Data never sleeps. Every minute massive amounts of it are being generated from every phone, website and application across the Internet. Just how much data is being created and where does it come from?
There’s no doubt that the increase in the Internet population has played a part in data’s tremendous growth. However, there’s something bigger at play. New technologies continue to emerge that allow people to create and share information in ways never before possible. These additional forms of sharing are delivering a sense of connectedness, adding new value to people’s lives.
With all our data creation—clicks, likes, tweets, photos, blog posts, online transactions—our digital data tells a compelling story about who we are and what we do. For people and business alike, the key to making these digital actions worthwhile is to ensure they and the data they create continue to improve our lives.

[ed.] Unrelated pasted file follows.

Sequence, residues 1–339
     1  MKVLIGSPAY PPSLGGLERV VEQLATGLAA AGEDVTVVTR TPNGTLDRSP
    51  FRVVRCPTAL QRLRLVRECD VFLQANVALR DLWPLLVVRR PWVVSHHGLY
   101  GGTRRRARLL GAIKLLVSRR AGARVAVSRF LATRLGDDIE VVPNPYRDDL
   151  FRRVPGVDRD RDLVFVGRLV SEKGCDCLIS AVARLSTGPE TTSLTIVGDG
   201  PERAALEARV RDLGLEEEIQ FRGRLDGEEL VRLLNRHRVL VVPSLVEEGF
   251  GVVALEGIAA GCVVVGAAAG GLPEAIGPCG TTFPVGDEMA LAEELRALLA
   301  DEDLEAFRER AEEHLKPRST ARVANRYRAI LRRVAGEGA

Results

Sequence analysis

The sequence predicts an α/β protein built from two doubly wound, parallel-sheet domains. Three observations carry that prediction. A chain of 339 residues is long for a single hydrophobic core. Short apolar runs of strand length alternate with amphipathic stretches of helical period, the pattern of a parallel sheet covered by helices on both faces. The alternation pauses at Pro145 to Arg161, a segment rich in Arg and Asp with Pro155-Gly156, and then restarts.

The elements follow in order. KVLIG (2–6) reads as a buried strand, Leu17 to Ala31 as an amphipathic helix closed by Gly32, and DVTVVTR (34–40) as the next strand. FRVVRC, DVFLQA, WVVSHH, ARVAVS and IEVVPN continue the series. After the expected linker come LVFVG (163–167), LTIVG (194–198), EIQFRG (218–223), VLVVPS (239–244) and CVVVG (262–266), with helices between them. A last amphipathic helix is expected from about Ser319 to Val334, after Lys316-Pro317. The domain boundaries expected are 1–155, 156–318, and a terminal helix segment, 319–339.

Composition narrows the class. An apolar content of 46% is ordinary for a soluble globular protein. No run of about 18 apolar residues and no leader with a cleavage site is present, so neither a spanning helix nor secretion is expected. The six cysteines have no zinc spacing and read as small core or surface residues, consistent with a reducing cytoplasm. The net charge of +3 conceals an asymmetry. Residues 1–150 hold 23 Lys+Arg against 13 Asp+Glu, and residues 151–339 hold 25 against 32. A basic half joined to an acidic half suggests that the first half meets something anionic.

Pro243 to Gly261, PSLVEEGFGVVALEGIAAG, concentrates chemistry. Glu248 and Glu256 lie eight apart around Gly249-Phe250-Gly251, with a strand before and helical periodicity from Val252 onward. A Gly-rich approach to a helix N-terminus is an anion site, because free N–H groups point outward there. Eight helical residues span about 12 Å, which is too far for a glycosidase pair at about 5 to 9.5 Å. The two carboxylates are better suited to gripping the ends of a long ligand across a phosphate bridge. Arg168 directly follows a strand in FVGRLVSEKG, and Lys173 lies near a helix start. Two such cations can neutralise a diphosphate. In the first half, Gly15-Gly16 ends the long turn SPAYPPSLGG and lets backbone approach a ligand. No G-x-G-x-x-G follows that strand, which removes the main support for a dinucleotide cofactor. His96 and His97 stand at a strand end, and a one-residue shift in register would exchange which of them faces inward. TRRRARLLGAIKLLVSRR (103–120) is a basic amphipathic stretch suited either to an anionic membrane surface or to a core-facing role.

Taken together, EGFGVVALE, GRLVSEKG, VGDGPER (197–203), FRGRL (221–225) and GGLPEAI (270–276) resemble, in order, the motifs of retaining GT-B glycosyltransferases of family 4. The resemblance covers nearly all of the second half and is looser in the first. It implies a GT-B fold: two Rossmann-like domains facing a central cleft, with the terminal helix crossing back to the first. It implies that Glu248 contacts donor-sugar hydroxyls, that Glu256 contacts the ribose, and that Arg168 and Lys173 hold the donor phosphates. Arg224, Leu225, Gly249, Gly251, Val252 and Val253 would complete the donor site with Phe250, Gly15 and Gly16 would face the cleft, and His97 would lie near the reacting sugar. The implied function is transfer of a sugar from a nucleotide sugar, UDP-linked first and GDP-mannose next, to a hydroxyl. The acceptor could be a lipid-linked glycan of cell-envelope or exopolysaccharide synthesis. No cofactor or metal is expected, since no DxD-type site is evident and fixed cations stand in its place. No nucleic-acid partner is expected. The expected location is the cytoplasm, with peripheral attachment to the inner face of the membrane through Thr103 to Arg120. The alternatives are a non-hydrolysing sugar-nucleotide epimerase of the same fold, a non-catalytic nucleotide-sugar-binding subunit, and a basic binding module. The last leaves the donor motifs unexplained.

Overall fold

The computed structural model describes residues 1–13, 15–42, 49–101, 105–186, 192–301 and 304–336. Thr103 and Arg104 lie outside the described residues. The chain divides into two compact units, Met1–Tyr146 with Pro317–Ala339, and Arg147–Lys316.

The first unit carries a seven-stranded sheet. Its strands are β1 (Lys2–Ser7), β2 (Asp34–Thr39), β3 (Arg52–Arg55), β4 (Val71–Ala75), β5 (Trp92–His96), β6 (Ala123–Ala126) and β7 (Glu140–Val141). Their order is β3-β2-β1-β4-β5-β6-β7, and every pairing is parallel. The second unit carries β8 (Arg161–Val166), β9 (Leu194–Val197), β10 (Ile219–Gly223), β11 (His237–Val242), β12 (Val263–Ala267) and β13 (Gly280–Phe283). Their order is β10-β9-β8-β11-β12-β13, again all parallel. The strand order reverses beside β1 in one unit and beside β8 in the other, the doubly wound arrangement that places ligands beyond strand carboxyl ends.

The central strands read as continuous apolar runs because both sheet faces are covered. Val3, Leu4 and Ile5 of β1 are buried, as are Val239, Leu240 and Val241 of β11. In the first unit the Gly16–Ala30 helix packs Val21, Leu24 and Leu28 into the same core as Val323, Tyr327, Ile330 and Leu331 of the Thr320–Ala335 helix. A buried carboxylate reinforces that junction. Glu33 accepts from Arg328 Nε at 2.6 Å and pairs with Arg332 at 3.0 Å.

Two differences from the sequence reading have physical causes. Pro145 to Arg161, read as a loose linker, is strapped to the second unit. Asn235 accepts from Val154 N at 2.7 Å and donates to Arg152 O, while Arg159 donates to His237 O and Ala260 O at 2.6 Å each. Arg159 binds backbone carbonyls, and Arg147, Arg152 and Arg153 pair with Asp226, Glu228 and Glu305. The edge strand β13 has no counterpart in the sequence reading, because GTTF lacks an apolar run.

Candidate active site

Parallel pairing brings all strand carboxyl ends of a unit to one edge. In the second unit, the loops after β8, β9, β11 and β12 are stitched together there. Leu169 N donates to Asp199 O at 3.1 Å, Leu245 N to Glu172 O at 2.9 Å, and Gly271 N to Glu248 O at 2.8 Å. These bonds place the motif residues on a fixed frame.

I don’t anticipate the growth of data slowing down in my lifetime. There’s too much goodness to be mined from it all.
Recently, we decided to revisit the topic and found, not surprisingly, that the pace of data creation continued to accelerate. Our first infographic, for example, showed that Facebook users shared 684,478 pieces of content. Fast forward a couple of years and that number has exploded to 2,460,000 pieces. Insane.
For that you should check out this Domo infographic.
This was the infographic of two years ago:
Data, are tokens that can be interpreted as some kind of value, usually either as a quantitative measurement of, or a qualitative fact about some thing. Data are manipulated either as values or variables by encoding them into information. Data which are derived through reason or which are employed in the course of behaving, are collectively called knowledge. In computing and data processing, data are often represented in a structure that is tabular (made up of rows and columns), a tree (a set of nodes with parent-child relationship), or a graph (a set of connected nodes). Data are typically the results of measurements, and can be visualised as graphs or images.
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